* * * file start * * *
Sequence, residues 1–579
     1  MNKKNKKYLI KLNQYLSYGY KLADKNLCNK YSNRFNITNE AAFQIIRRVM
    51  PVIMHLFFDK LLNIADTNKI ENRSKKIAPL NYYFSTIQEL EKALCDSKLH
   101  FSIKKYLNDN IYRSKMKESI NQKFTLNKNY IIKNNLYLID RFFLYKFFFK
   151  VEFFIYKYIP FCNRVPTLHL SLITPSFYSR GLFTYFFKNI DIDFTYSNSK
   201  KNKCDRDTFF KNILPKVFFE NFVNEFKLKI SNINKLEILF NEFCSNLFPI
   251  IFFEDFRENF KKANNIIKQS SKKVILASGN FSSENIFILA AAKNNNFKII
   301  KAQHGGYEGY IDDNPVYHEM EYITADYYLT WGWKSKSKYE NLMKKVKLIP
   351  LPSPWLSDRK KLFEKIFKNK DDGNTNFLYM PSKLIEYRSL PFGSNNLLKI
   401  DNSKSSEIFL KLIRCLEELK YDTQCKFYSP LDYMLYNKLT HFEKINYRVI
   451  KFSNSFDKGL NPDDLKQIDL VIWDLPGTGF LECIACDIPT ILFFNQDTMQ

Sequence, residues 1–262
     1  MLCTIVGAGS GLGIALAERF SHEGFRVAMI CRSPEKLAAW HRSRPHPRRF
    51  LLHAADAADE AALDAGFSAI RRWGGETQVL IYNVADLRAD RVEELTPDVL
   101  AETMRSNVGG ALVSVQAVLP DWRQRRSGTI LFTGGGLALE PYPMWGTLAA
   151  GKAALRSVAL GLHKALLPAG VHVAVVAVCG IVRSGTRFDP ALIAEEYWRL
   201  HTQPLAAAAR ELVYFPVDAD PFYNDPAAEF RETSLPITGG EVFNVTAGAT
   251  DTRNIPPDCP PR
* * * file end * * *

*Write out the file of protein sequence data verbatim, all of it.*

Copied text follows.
Sequence, residues 1–579
     1  MNKKNKKYLI KLNQYLSYGY KLADKNLCNK YSNRFNITNE AAFQIIRRVM
    51  PVIMHLFFDK LLNIADTNKI ENRSKKIAPL NYYFSTIQEL EKALCDSKLH
   101  FSIKKYLNDN IYRSKMKESI NQKFTLNKNY IIKNNLYLID RFFLYKFFFK
   151  VEFFIYKYIP FCNRVPTLHL SLITPSFYSR GLFTYFFKNI DIDFTYSNSK
   201  KNKCDRDTFF KNILPKVFFE NFVNEFKLKI SNINKLEILF NEFCSNLFPI
   251  IFFEDFRENF KKANNIIKQS SKKVILASGN FSSENIFILA AAKNNNFKII
   301  KAQHGGYEGY IDDNPVYHEM EYITADYYLT WGWKSKSKYE NLMKKVKLIP
   351  LPSPWLSDRK KLFEKIFKNK DDGNTNFLYM PSKLIEYRSL PFGSNNLLKI
   401  DNSKSSEIFL KLIRCLEELK YDTQCKFYSP LDYMLYNKLT HFEKINYRVI
   451  KFSNSFDKGL NPDDLKQIDL VIWDLPGTGF LECIACDIPT ILFFNQDTMQ

Sequence, residues 1–262
     1  MLCTIVGAGS GLGIALAERF SHEGFRVAMI CRSPEKLAAW HRSRPHPRRF
    51  LLHAADAADE AALDAGFSAI RRWGGETQVL IYNVADLRAD RVEELTPDVL
   101  AETMRSNVGG ALVSVQAVLP DWRQRRSGTI LFTGGGLALE PYPMWGTLAA
   151  GKAALRSVAL GLHKALLPAG VHVAVVAVCG IVRSGTRFDP ALIAEEYWRL
   201  HTQPLAAAAR ELVYFPVDAD PFYNDPAAEF RETSLPITGG EVFNVTAGAT
   251  DTRNIPPDCP PR